• Argumentative. When you are writing an argumentative essay on global warming, you will be expected to pick a side in the debate on climate change and support your claim with arguments in favor of the position that you took. This means that you will have either to give strong evidence that the climate change is in fact happening and its consequences can be dramatic or to debunk global warming as a myth decisively.
  • Expository. In an expository essay about global warming, on the other hand, you should by no means pick any side. The very definition of an expository essay demands that you stay objective throughout your writing. So, you should steer clear of any possible bias. If you give any statistics on climate change facts, choose your words very carefully to make it sound as dry as possible. Another good idea to write an expository essay on global warming about is the current state of an ongoing debate: Who are the most well-known scholars investigating the issue? Whose arguments gain more momentum in the press, among politicians, and among the general public?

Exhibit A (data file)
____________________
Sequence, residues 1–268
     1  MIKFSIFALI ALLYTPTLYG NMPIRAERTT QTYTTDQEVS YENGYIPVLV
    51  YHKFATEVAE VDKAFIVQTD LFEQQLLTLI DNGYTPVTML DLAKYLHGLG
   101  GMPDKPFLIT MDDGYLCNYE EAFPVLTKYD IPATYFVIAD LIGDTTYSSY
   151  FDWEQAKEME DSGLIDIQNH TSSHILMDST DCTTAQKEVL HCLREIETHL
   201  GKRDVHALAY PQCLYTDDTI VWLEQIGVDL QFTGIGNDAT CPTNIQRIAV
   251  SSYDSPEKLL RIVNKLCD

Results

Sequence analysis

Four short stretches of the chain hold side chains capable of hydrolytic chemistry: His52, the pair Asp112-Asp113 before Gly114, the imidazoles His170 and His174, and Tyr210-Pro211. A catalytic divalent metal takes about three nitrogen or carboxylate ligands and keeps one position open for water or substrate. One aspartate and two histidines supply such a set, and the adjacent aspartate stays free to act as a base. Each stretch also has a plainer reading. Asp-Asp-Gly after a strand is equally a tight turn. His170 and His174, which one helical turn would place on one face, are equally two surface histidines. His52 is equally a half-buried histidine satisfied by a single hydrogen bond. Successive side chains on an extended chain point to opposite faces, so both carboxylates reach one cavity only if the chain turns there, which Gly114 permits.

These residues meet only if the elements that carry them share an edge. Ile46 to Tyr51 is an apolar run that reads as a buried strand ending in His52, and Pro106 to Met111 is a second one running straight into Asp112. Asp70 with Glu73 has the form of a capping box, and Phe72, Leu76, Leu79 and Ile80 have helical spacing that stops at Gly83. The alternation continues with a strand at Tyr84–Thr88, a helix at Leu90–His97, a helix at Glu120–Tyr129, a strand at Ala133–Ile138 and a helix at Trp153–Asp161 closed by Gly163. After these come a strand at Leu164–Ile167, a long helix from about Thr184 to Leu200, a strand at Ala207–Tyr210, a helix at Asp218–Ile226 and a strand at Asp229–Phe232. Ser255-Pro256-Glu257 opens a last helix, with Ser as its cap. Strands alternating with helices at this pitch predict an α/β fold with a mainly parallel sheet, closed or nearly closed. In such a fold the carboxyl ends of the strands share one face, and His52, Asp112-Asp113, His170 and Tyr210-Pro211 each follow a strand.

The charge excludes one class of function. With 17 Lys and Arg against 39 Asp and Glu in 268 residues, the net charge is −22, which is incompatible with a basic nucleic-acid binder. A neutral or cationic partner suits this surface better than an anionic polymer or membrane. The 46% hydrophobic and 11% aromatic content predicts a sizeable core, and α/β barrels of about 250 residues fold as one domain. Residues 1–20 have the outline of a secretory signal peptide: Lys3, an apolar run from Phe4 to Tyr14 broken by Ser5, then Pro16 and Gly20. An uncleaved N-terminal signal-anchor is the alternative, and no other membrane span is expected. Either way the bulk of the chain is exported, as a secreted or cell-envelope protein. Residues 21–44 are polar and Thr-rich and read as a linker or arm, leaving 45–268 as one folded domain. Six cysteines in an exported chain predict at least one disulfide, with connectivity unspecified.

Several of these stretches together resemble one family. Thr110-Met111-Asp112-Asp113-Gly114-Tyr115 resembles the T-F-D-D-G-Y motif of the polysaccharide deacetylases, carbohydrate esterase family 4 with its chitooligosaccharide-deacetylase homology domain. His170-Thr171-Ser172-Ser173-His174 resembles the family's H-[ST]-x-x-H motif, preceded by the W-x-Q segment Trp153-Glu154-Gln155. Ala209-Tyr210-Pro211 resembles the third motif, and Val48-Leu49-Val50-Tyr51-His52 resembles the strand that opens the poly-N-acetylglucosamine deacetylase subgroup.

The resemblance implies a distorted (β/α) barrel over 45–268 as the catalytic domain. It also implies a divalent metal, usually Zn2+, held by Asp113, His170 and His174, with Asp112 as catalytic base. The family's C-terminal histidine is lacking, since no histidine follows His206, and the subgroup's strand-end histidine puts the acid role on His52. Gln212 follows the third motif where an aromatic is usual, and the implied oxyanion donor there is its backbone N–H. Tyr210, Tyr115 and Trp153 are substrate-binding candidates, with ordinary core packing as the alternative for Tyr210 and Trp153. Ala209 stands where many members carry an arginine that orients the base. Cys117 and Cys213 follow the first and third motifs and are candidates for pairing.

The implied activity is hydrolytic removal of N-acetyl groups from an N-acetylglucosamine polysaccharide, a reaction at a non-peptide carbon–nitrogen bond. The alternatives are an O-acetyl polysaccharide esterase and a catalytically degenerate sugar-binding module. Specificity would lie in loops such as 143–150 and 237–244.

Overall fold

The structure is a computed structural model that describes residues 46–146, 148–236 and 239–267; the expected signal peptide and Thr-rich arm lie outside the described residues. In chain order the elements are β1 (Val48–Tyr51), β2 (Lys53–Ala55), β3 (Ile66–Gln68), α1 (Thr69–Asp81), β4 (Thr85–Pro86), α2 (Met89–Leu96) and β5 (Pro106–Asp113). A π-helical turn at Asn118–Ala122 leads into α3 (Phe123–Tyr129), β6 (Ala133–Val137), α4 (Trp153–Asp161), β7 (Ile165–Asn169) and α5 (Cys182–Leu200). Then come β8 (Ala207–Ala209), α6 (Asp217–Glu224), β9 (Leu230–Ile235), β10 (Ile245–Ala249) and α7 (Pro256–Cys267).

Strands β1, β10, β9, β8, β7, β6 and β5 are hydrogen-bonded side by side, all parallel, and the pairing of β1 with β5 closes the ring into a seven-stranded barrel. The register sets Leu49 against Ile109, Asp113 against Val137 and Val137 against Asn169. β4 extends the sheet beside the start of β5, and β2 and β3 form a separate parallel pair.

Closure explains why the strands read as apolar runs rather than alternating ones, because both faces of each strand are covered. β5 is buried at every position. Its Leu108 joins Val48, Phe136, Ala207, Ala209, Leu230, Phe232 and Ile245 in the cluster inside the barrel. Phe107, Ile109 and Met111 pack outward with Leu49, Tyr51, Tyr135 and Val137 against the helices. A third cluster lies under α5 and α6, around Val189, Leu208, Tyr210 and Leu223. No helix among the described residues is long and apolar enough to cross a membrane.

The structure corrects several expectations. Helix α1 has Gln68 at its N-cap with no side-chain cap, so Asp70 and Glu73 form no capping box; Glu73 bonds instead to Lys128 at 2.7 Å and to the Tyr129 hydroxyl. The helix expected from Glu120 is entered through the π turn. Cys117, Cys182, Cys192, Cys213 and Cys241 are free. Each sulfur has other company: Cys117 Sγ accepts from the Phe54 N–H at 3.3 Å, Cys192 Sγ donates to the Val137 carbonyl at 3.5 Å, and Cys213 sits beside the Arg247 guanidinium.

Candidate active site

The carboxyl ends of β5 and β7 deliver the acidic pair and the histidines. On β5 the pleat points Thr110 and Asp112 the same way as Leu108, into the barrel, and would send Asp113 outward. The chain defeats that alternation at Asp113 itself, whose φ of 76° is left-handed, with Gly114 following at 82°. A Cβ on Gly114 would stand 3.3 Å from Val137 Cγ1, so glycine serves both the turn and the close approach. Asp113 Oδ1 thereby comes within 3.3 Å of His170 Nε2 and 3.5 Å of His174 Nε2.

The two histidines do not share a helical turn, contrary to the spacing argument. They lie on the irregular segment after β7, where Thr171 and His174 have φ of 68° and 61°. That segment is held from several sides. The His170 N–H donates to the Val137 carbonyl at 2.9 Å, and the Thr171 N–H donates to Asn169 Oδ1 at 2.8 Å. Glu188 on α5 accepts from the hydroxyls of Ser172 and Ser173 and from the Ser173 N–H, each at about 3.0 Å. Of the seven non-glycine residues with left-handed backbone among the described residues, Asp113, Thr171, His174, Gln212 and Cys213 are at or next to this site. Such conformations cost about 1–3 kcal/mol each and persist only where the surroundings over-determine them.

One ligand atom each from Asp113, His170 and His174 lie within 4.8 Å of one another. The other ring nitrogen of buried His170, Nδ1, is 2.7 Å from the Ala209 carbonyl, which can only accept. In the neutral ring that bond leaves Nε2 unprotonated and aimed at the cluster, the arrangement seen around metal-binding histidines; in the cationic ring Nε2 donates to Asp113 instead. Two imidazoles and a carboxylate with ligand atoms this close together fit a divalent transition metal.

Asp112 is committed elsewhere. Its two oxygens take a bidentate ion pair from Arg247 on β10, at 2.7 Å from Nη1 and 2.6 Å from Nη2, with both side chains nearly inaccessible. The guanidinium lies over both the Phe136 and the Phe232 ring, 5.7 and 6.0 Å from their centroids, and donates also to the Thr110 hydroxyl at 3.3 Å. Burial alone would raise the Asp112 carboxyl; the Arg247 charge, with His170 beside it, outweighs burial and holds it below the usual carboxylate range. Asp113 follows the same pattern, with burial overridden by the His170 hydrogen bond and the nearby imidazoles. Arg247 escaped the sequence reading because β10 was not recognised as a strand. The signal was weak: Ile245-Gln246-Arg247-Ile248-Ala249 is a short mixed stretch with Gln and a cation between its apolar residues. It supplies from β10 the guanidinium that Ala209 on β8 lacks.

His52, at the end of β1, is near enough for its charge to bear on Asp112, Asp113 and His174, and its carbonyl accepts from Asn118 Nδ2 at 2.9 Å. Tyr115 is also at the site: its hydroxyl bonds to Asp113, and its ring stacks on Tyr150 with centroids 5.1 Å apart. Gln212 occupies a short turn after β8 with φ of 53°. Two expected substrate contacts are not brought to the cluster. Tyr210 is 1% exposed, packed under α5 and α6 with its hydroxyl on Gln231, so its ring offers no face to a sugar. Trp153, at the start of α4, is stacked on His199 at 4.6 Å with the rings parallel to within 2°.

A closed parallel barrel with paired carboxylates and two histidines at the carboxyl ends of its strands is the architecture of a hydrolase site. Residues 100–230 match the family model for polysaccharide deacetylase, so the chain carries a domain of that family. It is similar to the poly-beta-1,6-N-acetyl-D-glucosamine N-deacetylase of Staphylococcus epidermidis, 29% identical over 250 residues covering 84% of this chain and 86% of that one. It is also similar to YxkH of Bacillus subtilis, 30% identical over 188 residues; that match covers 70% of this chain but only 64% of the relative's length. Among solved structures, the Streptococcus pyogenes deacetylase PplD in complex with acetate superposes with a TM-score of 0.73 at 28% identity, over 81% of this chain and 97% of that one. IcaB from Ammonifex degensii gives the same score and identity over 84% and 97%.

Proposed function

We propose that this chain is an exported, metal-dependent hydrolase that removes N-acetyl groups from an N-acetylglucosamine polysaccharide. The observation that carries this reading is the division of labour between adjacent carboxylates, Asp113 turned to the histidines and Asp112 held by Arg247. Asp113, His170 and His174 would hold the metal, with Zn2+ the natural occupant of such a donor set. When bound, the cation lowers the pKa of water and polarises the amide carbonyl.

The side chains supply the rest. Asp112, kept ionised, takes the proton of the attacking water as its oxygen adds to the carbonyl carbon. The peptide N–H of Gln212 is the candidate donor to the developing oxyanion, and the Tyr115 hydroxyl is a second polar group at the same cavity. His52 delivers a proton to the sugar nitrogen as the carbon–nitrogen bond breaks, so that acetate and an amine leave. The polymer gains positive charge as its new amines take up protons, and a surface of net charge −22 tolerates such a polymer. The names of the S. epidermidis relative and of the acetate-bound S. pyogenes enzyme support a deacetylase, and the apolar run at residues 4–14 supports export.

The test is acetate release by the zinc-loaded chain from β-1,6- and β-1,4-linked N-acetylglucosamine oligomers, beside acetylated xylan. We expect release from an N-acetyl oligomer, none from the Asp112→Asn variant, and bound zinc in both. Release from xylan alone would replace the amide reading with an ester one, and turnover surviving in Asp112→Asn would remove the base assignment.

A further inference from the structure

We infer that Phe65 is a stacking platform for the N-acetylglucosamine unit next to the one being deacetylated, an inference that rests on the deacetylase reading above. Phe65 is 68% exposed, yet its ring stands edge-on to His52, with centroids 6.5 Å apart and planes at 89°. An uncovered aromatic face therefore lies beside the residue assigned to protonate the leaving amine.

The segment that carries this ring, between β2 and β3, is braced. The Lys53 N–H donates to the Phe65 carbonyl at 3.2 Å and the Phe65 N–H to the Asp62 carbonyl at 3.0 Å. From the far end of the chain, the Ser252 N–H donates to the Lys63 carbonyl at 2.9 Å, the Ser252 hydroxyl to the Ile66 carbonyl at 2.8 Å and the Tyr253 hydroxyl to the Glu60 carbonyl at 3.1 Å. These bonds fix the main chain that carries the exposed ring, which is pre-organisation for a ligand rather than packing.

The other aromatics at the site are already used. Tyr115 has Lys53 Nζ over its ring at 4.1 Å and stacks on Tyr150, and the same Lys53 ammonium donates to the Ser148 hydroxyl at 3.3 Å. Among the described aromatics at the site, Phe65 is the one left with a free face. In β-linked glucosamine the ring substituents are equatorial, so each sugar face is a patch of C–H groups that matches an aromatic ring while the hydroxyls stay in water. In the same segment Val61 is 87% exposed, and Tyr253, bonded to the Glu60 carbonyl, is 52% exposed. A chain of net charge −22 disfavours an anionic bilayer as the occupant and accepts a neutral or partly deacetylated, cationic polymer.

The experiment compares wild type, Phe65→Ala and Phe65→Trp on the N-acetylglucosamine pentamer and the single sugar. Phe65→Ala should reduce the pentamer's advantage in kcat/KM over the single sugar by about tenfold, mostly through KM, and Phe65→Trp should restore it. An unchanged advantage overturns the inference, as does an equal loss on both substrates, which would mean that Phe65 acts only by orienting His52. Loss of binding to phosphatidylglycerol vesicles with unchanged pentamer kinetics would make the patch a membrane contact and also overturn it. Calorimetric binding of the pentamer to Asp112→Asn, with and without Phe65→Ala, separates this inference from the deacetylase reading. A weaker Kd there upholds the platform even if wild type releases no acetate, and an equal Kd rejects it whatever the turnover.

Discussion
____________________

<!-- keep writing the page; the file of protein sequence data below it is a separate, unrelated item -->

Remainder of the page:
• Problem and solution. A problem and solution essay on global warming is arguably the easiest type in terms of defining what you have to do. Simply use the climate change facts as an evidence proving the problem of global warming and offer a solution through raising awareness, introducing a more green-conscious use of our planet's resources, suggesting more eco-friendly technologies for industry and/or general public, or any combination of these. Alternatively, your facts will suggest that the climate change is either not happening or stays within the norm. In this case, your problem can be the fact that people pay too much attention to this imaginary issue, and the solution can be in popularizing the actual facts and raising awareness about truly pressing matters.